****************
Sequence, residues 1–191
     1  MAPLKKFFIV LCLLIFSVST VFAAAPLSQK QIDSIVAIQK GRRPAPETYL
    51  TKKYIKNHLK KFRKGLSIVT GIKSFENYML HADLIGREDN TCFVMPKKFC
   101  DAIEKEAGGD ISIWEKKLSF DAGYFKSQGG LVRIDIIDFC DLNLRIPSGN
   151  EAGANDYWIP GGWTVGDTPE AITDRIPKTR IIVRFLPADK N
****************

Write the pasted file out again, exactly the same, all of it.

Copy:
Sequence, residues 1–191
     1  MAPLKKFFIV LCLLIFSVST VFAAAPLSQK QIDSIVAIQK GRRPAPETYL
    51  TKKYIKNHLK KFRKGLSIVT GIKSFENYML HADLIGREDN TCFVMPKKFC
   101  DAIEKEAGGD ISIWEKKLSF DAGYFKSQGG LVRIDIIDFC DLNLRIPSGN
   151  EAGANDYWIP GGWTVGDTPE AITDRIPKTR IIVRFLPADK N